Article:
That's nice you might say.
Well, think again. When they want to share everything, including their own mail boxes, things start to get shady and politics come into play.
Others want to index all their systems, including their ultra-confidential HR system. Then security policies come into play, because you must make sure to respect the access controls of the "hosting" application.
This basically means that you have to:
- Authenticate your user before he searches
- Use a proxy to search the index(es) and/or
- Hide results that he should not have access to
- Show the result list
You know your network better than me, I must assume. So, you'll know that knowledge is not only in word, excel and powerpoint. It's in Exchange public folders, Notes databases, Oracle databases, Peoplesoft, text files, home-grown applications, MS-Access, web sites (internal & external), PDF, zip files, xml files, SAP, Siebel, Domino.doc, Documentum, Tridion, whatever-that-freeware-was-called-again, etc, etc, etc...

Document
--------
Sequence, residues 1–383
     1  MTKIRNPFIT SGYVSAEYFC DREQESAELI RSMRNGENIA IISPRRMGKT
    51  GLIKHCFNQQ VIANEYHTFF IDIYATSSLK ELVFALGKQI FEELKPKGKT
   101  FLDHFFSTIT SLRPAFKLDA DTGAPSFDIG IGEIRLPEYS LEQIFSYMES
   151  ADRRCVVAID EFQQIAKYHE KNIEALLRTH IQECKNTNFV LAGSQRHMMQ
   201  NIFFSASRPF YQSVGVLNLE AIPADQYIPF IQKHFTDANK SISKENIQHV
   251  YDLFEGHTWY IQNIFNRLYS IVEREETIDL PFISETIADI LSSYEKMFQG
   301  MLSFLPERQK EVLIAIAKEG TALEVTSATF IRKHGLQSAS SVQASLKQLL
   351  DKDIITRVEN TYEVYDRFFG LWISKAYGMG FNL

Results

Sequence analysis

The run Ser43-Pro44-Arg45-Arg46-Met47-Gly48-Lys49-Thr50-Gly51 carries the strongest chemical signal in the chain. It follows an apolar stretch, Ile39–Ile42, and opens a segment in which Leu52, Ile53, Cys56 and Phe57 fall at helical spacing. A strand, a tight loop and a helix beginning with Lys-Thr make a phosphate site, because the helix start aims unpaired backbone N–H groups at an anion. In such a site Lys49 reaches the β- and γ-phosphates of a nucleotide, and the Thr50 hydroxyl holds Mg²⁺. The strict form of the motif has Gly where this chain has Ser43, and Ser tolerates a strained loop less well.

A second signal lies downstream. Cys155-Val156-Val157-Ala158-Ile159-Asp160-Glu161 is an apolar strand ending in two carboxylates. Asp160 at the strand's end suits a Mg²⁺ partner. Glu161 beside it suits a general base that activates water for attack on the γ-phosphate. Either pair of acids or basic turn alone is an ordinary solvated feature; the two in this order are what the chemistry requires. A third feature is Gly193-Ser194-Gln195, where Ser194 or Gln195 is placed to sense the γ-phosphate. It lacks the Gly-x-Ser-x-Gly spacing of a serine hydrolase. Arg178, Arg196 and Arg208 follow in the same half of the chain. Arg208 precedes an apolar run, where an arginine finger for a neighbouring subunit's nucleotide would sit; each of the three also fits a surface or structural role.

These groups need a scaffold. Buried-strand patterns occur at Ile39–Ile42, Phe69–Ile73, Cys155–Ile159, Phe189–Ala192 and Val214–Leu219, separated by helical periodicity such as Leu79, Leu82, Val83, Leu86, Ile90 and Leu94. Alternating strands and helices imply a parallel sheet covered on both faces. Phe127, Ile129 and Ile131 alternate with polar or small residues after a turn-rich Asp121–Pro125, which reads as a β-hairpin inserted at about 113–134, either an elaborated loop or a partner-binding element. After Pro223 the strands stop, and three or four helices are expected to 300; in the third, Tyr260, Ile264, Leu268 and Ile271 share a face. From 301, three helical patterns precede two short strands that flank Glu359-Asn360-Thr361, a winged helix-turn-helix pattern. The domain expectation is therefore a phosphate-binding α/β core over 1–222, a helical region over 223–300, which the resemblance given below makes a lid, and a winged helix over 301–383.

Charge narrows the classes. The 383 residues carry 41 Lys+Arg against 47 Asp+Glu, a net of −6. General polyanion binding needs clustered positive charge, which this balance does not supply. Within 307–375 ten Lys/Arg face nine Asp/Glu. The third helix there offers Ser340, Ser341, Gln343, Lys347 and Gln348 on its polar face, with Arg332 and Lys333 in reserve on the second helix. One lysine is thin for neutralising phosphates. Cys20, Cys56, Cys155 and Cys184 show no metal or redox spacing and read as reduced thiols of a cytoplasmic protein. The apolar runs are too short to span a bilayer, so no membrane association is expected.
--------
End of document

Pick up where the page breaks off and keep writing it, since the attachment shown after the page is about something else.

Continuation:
Try tapping into that with Google. Well, it will work for the most of them.
And then, the major blocking issue: Language. No self-respected european organization will have documents in one language only. No way, that would be too simple. And you, as a self-respected european will also not be able to read one language only. Yet, you must search in one language at the time if you're using a simple text search engine (even if is Google).
So, in other words, if you're looking for a search engine solution for your Intranet, don't settle for Google. But don't look at Retrievalware either, it's too bloated and expensive for what you probably need.
If you need a search engine that can:
- Support multiple languages
- Respect distributed authentication
- Link to multiple data sources using an open plugin or plugin-like architecture
- Do hierarchical and non-hierarchical search (search within specific domains or in general)
- Categorize and intelligently group documents, subjects and authors
- Does not cost too much to implement (eh eh)
So, I went and searched for them. Here's the ones I settled with, they do show good promise: